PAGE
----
Technology for school projects

Many school projects don’t need fancy technology. Paper, coloured pens, and you’re set. Sometimes, though, the teacher will specifically ask for internet-based research, a computer slide show or a blog entry. Here’s a guide to making the most of the technology available.

brainstorm and organise

Mind mapping is a great way for a child to brainstorm ideas for the project, organise facts and create an instant visual summary of the information needed.

You start with the main concept or topic in the centre of the page. In my example, it’s Dinosaur Project. Branch out from the centre nodule to subtopics such as “When did they live?”, “What did they eat?”, “How did they move?”

You can do it on paper, but fun software exists to help you make the mind map look professional. Try PersonalBrain (www.thebrain.com) or Edraw Mind Map (www.edrawsoft.com).

You can also draw mind maps using your word processor.

online research

The internet is a great source of information, provided that the source is reliable, and your child is search-engine smart.

If the topic of the project is dinosaurs, typing “dinosaurs” into Google will provide over 53 million hits. Overwhelming? You bet. Try to narrow it down: get them to think what specifically it is they want to find out about dinosaurs. For example, type in “flying dinosaurs” to get more focused information.

You can limit your search to exclude something (e.g., pterosaurs) with a minus sign by searching for “flying dinosaurs -pterosaurs”. You can also choose to see only news items, or only data that’s been updated in the last month. The search engines are very forgiving, so you can even type in questions like “what did the dinosaurs eat” and “amazing dinosaur facts”.

Once you have your list of hits, it’s a real art deciding which hits are the ones to follow. Help your child choose the sites that look kid-friendly and reputable.

Better still, suggest your child go to a children’s portal or search engine before they Google.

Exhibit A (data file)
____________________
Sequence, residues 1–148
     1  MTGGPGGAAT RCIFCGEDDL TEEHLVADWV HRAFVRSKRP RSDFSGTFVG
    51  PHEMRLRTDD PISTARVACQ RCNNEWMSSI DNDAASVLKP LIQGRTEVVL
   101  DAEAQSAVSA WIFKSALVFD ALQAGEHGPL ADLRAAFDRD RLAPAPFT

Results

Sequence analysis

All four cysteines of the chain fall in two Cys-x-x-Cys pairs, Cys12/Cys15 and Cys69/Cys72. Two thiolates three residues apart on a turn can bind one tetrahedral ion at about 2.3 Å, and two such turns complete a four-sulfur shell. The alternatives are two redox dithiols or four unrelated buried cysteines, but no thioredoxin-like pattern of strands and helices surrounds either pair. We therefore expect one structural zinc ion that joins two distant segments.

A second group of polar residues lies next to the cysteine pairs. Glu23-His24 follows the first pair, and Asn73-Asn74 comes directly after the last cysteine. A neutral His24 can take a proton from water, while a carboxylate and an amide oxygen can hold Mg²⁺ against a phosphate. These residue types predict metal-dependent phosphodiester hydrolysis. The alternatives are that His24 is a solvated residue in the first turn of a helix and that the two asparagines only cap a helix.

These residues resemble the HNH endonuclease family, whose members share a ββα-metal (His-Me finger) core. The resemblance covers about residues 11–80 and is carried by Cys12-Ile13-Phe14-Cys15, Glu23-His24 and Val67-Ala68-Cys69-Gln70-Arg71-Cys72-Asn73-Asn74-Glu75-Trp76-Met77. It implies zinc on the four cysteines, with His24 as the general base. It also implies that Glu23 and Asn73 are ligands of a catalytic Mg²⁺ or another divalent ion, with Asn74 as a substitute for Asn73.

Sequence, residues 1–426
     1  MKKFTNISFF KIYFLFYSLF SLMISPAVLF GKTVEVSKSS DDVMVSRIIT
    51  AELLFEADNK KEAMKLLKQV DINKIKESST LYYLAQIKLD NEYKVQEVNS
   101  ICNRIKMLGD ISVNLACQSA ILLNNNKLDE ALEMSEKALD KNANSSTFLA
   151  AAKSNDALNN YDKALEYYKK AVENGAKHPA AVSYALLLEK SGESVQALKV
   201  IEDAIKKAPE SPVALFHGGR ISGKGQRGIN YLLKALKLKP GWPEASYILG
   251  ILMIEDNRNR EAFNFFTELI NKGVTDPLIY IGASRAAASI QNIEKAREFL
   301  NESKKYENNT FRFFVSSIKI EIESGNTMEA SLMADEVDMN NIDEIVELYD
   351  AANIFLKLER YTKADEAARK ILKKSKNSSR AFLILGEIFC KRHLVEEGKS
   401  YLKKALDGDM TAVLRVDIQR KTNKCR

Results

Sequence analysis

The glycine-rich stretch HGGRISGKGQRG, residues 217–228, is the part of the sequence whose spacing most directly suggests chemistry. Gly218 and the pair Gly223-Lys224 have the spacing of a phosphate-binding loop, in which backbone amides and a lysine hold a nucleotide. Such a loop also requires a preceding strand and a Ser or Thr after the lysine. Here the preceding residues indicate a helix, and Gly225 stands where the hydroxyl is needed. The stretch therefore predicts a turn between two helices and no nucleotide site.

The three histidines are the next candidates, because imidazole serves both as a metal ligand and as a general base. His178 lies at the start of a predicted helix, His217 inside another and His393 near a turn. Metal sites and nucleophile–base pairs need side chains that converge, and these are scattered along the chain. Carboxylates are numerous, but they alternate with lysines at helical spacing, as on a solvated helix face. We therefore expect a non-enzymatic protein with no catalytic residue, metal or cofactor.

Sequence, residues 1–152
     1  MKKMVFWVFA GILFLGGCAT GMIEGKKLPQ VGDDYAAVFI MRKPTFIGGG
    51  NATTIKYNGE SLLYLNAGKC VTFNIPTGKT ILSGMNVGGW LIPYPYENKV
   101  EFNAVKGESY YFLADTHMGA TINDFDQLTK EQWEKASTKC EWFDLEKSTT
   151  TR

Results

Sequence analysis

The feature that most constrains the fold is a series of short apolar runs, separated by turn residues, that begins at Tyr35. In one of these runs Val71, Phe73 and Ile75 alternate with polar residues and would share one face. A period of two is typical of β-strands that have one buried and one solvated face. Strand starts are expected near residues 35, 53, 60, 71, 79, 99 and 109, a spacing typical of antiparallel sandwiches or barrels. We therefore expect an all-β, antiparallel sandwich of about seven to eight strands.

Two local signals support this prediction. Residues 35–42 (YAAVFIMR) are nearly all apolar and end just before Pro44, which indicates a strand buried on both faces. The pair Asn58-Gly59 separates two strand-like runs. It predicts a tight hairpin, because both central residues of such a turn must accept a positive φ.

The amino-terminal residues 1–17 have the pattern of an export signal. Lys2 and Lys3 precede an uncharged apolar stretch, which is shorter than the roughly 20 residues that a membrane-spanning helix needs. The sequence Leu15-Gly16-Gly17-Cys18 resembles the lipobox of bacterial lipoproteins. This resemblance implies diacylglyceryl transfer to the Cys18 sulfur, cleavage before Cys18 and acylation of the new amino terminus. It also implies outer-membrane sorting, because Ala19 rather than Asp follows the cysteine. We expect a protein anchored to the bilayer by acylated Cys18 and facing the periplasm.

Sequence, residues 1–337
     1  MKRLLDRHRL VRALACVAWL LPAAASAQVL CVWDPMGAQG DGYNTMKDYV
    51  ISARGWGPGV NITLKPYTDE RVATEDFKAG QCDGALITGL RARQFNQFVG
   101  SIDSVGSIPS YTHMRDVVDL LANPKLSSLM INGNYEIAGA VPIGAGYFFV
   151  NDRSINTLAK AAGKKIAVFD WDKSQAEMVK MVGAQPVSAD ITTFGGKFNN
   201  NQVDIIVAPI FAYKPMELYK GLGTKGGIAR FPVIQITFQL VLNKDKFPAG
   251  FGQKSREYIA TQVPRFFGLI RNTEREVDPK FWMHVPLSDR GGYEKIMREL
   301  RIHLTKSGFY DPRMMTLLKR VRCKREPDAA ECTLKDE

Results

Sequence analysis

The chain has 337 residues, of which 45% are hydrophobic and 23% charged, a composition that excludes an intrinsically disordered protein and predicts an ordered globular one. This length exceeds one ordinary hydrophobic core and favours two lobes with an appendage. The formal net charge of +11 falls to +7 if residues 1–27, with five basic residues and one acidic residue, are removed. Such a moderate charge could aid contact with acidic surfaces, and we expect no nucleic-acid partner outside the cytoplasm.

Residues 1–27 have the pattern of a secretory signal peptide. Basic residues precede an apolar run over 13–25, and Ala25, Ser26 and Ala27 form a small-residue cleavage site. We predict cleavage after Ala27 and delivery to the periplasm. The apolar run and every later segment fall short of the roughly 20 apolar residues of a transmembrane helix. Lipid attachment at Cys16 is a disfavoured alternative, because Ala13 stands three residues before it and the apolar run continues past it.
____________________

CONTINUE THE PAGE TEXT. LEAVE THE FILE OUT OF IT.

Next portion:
Brilliant starting places for your school project include:

Encyclopaedia Britannica for Kids: www.kids.britannica.com

4 to 40: www.4to40.com/encyclopedia

Fact Monster:www.factmonster.com

How Stuff Works:www.howstuffworks.com

Science Made Simple: www.sciencemadesimple.com

computer basics

To a child, computers are a bit like magic (they can do anything) and a bit like Lego (should work no matter how you use it). Most children tend to have an instinctive feel for how to work computers, and they will astound you with how much they know about navigating Windows and finding cheats for Club Penguin puzzles on Youtube.

Still, your computer-wizardsmight not know these tricks:

  • Backup.Assume the Grinch will steal the hard disk as soon as you leave the computer unattended. If you want to keep something, copy it onto a flash drive.
  • Save your work often: every 5 minutes or every time you get something right is a good habit.
  • Right-click to get the menu. Surprisingly, they know about the single clicks versus double clicks, they understand the mouse wheel, but many have never noticed PC mice come with two buttons.
  • Start the application and wait. Don’t click on it again or it’ll open another copy of itself. You know the computer is busy when you see the hourglass symbol.
  • Call the file something meaningful. “Megan - dino project Year 4” is more useful than Document17.

Older children can be introduced to the concept of directories and can sort their files into different folders (Maths, English, Social Science, My Birthday Lists, etc).